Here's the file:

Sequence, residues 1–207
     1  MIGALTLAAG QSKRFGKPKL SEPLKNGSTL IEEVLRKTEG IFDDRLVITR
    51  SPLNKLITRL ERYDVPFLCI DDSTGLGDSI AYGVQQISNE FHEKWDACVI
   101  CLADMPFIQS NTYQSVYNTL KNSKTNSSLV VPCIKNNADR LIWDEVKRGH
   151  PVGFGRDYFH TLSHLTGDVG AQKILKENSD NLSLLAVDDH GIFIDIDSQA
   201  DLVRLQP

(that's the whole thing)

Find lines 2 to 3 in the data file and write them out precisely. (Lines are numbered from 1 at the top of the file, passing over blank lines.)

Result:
     1  MIGALTLAAG QSKRFGKPKL SEPLKNGSTL IEEVLRKTEG IFDDRLVITR
    51  SPLNKLITRL ERYDVPFLCI DDSTGLGDSI AYGVQQISNE FHEKWDACVI